• A Space For People To Workshop Ideas With People They Trust - Right now I'm using various chat systems such as IRC and Discord for this purpose, combined with a wiki that is designed to be edited with version control and the ability to add other people to the editor list. Blog posts have a sense of permanency to them, they're meant to record a moment of time without being revisited for a while. This is stifling to the creation of new ideas. When I first think of something, it's not ready to be entered into the permanent record. I don't want to have it scrutinized by a bunch of unruly people with limited time. I want friends and peers who will give my ideas the time they deserve even if they wouldn't do it for someone they don't know as well. Conor for example complained about how people aren't giving him the trust he would expect after writing so much content for the site, and that's a necessary consequence of only having the mass mode of communication. Instead of pretending like everyone on LessWrong will ever be a trustworthy audience for most members, acknowledge reality and provide space for a small number of people to develop ideas and store data.
  • A Space For People To Privately Discuss Sketched Ideas With People They Trust - There's a big difference between starting from zero and starting from your outline or first draft. Once this is complete and you want feedback from a wider range of people, you're still not ready to publish to a blog. Generally it makes sense to run it by a handful of trustworthy reviewers who will catch things you missed or bring up fundamental objections and concerns before you're publicly committed to defending them. Right now I manually send copies of my stuff to people, but a mailing list could work well for this. The key thing is that usually it's not that I have a particular general audience in mind at this stage so much as specific people who I want to read the thing and comment. The 'personal blog' model does not accurately capture this, instead just providing a slightly more selective version of the mass audience for me to wrestle with.

When Ideas Are In Adolescence

Once an idea hits the blog post format, it's open to incremental improvement at best. Further, because the crowd is so large it will think of many things the author did not, and ruthlessly point them out. It's not necessarily malicious, it's just a natural consequence of scale and the desire/need to improve. Therefore authors should be prepared for criticism by the time it's coming, and readers need to not have their time wasted. In the service of that:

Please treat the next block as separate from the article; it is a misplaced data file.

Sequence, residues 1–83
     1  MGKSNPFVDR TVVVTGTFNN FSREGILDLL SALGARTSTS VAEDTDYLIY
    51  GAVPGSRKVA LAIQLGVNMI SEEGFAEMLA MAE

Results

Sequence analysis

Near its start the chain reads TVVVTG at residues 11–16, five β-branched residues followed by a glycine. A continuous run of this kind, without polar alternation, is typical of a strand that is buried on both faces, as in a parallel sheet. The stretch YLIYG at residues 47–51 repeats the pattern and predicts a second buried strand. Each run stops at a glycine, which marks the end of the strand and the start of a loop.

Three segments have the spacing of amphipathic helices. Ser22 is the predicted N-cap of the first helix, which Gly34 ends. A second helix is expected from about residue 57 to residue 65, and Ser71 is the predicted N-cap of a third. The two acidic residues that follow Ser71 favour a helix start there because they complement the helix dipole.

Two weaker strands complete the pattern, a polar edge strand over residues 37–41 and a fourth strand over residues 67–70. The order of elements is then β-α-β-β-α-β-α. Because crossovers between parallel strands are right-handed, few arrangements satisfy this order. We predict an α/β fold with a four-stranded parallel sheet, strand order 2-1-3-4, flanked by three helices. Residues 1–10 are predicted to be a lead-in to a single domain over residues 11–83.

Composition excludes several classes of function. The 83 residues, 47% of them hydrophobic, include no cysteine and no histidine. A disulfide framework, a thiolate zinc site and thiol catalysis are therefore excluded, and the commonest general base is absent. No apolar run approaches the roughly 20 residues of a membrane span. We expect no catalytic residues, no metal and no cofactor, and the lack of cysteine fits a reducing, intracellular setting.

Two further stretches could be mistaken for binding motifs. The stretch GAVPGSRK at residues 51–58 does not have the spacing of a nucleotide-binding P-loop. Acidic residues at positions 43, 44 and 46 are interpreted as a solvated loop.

• Have A Noise Filter - This would presumably be some kind of team of people that will seriously, for-real look at mostly developed concepts and judge whether they might be interesting or not. Upvotes do this kind of roughly, but they appear to be mostly working for now.
  • Test Promising Ideas - Early adopters need to be encouraged and supported in the ecosystem. Does Double Crux empirically work, what would it even mean for Double Crux to 'empirically work'? I don't know, and I don't really think a discussion about it can work until someone does. What we need isn't 100 comments, it's 10 people who will get off their ass and try the thing out in some kind of standard fashion for a month and tell us what they think.
  • Only Present The Reluctant With The Best - Once you've tested ideas, make a repository of the stuff people who really put effort in agree has value. Do not resent people who are reluctant to go on wild epistemic goose chases. For one thing, many people simply don't have the time. And if your community optimizes against people who don't have a ton of free time, you'll lose out on the membership of extraordinarily high value people that happen to have other things to be doing with their day. Influencing their behavior is a huge lever to move the world. For another, the people who don't want to try Double Crux are being essentially reasonable.
  • Continue To Evaluate And Test Ideas Throughout Their Life - LessWrong lionizes empiricism and science, but then never seems to produce any. If you're all serious about 'improving the art' then you have to work on it, really work on it. The Sequences are nearly a decade old now, and as a 'rationality textbook' they're beginning to seriously show their age. A lot of the core studies cited are victims of the replication crisis, tons of good work has been done in the mean time that isn't included such as Tetlock's bibliography, there are very few inline citations to help enthusiastic readers learn more about the source material drawn from. We can do a lot better, but it's not going to happen on its own.

(This post was originally published at https://namespace.obormot.net/Main/GuidedMentalChangeRequiresHighTrust, thanks to friends who gave feedback.)

18

2 comments, sorted by Highlighting new comments since Today at 3:43 PM
New Comment

Yes this would help. BUT. What we have tried to bring into culture is things like steelman. Encouraging the reader to make sense of the writing. This would help too.

LessWrong lionizes empiricism and science, but then never seems to produce any.

I think you hit on something really important. More things in the vain of "So, I had this idea on how to do better at X, and I tried it out and (it didn't work at all)/(it seems promising)/(I'm still uncertain about...)" could make this a place where ideas are grown and forged.